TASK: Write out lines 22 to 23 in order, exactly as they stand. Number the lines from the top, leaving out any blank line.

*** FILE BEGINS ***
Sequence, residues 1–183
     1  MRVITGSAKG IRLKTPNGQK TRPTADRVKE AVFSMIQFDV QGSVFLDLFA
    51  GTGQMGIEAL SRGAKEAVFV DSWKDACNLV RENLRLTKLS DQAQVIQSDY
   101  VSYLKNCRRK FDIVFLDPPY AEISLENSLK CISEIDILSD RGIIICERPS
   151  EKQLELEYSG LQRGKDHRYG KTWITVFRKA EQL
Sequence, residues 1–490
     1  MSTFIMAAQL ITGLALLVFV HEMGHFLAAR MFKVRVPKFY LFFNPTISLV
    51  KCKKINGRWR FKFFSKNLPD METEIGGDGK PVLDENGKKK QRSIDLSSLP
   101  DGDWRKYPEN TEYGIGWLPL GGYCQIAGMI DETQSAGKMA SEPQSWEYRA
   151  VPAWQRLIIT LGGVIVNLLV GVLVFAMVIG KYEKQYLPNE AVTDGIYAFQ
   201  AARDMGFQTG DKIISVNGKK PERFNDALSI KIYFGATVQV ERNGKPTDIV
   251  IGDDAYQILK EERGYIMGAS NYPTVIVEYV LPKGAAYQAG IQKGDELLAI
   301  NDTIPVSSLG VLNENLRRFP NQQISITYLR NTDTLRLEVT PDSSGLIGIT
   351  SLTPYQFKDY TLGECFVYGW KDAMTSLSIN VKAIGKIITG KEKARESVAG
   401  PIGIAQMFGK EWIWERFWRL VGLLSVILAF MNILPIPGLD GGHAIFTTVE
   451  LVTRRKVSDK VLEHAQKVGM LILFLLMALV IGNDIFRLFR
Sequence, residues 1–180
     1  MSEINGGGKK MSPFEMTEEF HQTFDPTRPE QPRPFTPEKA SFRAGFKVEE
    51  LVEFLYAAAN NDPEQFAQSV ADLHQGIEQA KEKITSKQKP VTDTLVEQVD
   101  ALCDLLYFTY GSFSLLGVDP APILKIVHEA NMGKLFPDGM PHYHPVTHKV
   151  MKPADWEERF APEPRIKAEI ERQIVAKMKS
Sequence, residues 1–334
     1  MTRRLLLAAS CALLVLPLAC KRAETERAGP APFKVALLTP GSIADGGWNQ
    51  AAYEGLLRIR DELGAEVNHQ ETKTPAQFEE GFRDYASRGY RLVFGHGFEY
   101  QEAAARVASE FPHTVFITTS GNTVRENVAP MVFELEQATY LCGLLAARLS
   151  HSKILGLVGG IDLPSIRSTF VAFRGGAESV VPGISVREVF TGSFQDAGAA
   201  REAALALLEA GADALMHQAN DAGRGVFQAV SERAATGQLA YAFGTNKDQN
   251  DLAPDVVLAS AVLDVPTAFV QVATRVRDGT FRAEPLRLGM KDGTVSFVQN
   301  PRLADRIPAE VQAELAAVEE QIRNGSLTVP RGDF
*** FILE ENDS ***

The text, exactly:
Sequence, residues 1–334
     1  MTRRLLLAAS CALLVLPLAC KRAETERAGP APFKVALLTP GSIADGGWNQ